Australian Investment banker was unfairly dismissed but not discriminated against by German bank, say tribunal

Banker claimed he was pushed out by “Germanification” of company

An investment banker’s claim he was dismissed by his German employer because of his nationality has been quashed by a U.K. employment tribunal.

Malcolm Perry, 45, who is Australian, worked as the global head of fixed income and credit in the London branch of Dresdner Kleinwort, a bank owned by German financial services corporation Allianz. The bank underwent a major restructure of its operations in 2006 but left Perry, who had a senior management position, out of the loop.

As part of the restructuring, there was an increase in the number of German and German-speaking managers hired. In mid-2006, Perry’s position was made redundant and he was fired. Perry sued the bank for almost $20 million, claiming he was discriminated against based on his nationality.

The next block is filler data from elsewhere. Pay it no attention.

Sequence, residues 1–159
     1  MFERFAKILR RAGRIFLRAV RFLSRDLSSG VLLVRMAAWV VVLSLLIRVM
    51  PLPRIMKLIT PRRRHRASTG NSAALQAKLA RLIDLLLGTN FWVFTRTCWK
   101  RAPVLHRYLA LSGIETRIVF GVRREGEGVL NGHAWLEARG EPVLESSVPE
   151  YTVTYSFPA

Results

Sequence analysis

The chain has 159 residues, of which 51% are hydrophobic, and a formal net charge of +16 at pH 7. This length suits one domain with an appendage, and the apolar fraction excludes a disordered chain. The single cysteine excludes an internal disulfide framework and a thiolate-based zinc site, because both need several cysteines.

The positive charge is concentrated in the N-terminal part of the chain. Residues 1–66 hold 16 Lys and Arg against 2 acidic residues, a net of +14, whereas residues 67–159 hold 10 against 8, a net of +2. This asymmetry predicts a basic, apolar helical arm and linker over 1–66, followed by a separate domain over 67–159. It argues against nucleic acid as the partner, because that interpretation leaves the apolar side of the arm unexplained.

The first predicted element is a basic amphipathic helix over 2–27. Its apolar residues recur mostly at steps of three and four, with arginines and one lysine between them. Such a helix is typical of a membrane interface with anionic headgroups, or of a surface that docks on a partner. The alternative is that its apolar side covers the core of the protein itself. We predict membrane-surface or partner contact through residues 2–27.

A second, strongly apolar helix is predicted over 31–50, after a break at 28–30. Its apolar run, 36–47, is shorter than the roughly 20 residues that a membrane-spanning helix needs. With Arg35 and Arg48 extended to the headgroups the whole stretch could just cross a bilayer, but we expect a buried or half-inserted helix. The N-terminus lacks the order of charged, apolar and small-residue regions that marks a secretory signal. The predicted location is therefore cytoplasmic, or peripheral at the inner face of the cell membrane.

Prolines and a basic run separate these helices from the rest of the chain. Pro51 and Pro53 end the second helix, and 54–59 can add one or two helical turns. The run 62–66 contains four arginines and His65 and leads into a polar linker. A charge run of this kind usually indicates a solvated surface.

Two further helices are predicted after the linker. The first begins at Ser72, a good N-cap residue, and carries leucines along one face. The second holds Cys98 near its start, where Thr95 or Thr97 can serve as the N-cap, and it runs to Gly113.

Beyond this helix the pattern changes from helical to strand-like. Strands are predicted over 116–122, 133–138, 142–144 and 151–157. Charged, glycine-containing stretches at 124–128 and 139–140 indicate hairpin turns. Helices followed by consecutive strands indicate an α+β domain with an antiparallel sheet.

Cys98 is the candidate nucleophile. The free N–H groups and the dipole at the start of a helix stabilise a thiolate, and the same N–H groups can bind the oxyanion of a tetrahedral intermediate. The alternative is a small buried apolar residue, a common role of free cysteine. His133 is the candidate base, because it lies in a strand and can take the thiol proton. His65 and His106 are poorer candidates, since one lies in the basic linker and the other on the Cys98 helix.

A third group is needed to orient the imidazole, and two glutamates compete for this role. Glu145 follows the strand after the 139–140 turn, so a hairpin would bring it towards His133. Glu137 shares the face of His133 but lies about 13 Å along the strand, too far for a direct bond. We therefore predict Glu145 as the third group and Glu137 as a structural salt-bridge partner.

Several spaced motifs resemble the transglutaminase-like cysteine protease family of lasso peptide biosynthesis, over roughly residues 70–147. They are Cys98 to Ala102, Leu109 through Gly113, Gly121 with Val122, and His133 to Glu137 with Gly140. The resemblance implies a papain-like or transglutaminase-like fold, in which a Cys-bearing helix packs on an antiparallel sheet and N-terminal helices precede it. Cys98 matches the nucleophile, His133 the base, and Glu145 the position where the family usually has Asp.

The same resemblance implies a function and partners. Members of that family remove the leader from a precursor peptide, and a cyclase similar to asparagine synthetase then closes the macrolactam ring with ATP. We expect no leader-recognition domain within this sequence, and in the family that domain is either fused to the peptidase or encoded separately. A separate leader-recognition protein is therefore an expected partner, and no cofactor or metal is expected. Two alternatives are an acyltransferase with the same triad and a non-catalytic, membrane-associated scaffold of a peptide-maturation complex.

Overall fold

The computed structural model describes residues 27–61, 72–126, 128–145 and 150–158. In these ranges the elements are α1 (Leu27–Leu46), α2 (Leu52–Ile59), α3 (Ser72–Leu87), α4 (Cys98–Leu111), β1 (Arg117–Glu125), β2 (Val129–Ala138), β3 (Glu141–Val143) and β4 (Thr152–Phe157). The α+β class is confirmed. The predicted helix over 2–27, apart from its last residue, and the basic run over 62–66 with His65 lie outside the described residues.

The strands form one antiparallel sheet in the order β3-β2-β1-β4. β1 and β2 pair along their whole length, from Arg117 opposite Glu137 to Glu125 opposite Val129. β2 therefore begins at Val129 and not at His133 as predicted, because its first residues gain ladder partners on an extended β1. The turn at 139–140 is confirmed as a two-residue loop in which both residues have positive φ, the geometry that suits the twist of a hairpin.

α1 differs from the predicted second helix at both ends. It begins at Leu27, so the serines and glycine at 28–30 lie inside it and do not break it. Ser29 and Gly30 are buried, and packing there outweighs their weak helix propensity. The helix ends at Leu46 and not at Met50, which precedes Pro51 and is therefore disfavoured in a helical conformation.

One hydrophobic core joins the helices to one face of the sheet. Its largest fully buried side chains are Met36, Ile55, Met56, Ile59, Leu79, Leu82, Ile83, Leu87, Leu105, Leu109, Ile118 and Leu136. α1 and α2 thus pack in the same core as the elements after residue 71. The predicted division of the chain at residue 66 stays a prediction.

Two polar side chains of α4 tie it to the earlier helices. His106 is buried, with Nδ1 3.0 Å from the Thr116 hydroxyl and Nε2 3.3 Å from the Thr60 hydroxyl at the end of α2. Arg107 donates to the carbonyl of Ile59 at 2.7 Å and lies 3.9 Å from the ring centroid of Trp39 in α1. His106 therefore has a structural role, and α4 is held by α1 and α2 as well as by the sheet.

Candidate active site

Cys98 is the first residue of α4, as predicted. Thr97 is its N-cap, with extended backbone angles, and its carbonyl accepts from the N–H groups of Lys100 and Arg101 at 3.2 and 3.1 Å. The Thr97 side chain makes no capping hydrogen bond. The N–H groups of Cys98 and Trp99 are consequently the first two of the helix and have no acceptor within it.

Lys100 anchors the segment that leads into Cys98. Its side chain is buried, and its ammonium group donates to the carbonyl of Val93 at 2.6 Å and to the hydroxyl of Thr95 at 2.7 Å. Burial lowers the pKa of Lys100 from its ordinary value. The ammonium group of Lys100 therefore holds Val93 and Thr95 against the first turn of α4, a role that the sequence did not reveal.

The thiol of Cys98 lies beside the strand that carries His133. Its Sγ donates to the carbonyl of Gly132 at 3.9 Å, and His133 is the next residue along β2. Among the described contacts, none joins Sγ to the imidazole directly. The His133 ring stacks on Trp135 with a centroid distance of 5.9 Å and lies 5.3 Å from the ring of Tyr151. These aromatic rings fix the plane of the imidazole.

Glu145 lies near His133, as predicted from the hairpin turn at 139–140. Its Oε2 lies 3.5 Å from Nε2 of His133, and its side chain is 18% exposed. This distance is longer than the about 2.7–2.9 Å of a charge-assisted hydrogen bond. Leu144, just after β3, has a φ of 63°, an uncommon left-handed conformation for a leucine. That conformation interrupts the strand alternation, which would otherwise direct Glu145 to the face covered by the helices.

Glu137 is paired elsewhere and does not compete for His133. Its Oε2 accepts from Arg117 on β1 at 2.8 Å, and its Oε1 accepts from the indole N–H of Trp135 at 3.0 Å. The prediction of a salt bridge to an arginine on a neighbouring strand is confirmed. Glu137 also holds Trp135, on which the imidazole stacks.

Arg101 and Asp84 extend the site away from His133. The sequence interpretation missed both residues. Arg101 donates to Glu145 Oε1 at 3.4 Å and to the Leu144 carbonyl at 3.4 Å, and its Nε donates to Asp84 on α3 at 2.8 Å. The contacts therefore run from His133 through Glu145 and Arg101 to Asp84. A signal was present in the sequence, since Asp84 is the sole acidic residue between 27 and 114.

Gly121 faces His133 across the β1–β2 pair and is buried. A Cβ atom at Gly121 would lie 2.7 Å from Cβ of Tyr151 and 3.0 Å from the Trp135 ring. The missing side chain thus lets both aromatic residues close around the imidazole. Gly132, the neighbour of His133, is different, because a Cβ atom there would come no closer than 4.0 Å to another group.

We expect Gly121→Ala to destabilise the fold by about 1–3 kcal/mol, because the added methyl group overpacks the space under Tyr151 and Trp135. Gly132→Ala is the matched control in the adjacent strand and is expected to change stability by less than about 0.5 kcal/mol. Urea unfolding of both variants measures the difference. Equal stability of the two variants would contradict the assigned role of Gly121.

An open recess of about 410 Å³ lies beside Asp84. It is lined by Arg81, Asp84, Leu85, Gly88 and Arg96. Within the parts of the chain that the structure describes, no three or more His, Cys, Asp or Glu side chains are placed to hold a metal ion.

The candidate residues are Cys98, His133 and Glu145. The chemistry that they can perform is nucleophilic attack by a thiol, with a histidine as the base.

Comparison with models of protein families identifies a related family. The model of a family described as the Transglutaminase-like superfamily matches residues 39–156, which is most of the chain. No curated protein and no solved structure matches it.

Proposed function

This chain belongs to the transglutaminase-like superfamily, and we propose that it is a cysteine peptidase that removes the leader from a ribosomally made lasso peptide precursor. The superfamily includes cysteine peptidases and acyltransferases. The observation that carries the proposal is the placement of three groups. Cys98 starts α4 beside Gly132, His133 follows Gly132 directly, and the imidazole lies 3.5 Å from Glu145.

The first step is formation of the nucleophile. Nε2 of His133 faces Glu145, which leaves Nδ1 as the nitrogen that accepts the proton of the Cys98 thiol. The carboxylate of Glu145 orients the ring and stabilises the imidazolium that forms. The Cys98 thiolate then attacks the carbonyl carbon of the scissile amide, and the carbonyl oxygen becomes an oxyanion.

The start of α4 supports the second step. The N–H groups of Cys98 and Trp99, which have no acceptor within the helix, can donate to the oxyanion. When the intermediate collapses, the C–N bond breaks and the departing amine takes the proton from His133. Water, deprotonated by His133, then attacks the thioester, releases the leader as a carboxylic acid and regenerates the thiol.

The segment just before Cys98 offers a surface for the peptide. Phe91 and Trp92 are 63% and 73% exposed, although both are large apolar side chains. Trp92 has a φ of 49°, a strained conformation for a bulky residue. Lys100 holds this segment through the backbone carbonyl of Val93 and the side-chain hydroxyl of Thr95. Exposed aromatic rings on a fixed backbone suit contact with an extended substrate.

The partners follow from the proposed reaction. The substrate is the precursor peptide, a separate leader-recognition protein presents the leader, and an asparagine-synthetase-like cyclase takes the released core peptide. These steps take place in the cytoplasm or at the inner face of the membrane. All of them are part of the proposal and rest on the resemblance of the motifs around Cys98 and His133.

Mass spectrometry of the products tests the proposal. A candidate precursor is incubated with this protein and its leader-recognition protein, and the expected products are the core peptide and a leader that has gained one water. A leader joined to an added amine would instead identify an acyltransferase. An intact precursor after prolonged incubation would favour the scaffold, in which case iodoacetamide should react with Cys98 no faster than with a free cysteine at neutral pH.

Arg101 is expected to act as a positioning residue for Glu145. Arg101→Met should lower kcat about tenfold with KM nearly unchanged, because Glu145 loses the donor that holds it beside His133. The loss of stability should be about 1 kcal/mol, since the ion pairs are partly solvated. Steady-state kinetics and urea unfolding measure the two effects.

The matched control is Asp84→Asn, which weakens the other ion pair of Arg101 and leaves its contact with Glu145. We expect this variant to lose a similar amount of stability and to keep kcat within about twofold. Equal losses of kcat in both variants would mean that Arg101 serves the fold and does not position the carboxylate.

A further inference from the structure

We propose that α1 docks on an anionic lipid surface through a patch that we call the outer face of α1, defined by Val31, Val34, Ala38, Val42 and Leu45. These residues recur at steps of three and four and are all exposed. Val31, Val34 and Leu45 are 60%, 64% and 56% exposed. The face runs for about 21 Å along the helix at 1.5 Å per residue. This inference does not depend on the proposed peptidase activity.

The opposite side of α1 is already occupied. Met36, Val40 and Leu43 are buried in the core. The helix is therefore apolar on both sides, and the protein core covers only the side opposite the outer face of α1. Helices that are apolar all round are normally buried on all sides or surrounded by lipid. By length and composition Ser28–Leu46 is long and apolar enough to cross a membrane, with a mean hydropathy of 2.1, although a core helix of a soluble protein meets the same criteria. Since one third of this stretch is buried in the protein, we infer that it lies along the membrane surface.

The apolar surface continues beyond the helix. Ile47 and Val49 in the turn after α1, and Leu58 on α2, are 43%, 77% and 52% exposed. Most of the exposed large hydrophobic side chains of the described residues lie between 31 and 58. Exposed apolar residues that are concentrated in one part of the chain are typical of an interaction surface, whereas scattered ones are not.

The bank refuted the claim, saying Perry’s position was legitimately eliminated and there was no role for him after the restructuring. It added his nationality was “irrelevant.”

The tribunal found Perry had been treated “less favourably” by Dresdner Kleinwort than some of his German-speaking co-workers, but the treatment fell short of discrimination. It agreed the restructuring legitimately made his position redundant.

However, the tribunal did find Perry had been unfairly dismissed because the bank didn’t consider him for other positions.

Perry was disappointed in the decision but acknowledged the difficulty in trying to prove discrimination based on nationality.

A hearing will be held early in 2008 to determine the amount of damages for unfair dismissal, which in the U.K. are capped at about $130,000.

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